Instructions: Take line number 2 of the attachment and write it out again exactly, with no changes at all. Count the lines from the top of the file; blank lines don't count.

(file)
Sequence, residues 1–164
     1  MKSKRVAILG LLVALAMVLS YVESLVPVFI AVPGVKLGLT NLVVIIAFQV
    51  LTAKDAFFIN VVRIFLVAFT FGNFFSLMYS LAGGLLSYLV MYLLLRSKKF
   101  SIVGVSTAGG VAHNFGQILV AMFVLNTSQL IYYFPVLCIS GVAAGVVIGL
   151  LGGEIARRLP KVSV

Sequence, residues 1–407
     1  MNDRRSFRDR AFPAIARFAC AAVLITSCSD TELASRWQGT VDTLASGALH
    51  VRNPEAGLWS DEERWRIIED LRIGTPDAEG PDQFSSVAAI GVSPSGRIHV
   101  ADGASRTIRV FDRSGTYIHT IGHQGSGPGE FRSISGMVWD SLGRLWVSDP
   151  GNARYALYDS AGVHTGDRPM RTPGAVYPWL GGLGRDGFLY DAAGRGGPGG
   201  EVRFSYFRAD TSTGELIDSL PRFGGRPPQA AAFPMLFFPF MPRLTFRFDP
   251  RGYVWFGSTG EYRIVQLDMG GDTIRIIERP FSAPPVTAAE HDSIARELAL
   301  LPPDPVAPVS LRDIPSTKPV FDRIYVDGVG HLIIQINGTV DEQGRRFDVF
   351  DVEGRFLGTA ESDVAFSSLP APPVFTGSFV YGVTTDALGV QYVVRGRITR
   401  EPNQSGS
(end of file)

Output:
     1  MKSKRVAILG LLVALAMVLS YVESLVPVFI AVPGVKLGLT NLVVIIAFQV